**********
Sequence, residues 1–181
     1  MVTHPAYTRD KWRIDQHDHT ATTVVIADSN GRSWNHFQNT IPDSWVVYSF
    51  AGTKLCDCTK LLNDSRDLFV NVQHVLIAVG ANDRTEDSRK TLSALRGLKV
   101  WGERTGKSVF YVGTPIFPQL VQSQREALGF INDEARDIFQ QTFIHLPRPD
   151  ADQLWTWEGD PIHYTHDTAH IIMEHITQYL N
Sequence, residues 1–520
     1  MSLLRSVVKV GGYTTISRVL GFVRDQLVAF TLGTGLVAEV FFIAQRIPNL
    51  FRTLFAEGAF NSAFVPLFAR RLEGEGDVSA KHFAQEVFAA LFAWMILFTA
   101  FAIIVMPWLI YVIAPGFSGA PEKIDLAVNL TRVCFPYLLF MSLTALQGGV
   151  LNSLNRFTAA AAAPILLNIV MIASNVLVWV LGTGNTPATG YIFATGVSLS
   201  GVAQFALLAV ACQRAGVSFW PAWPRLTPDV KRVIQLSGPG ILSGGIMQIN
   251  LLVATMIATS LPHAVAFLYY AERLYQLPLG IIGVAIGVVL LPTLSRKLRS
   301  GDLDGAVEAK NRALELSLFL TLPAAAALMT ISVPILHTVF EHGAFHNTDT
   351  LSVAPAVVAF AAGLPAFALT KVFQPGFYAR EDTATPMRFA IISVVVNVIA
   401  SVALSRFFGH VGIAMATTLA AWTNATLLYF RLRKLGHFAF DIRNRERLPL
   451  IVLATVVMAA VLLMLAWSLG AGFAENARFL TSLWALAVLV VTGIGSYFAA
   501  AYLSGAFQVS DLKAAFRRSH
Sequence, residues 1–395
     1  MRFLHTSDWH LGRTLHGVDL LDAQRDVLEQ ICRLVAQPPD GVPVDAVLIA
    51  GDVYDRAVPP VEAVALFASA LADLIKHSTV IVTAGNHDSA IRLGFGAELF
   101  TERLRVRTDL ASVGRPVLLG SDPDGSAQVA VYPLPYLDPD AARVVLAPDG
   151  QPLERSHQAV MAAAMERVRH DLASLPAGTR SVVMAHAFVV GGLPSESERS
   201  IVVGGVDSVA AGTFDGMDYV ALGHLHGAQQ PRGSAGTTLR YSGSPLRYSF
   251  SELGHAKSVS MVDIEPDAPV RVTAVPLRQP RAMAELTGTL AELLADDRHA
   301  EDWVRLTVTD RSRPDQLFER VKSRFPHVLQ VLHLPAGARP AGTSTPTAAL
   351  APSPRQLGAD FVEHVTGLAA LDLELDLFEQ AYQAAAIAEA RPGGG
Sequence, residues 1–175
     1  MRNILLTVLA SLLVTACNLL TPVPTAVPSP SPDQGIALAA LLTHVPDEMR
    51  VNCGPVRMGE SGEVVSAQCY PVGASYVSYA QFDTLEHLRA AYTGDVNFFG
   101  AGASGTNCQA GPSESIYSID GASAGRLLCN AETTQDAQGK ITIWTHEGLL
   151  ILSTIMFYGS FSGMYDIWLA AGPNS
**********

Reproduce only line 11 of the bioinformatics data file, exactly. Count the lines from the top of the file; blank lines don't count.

   201  GVAQFALLAV ACQRAGVSFW PAWPRLTPDV KRVIQLSGPG ILSGGIMQIN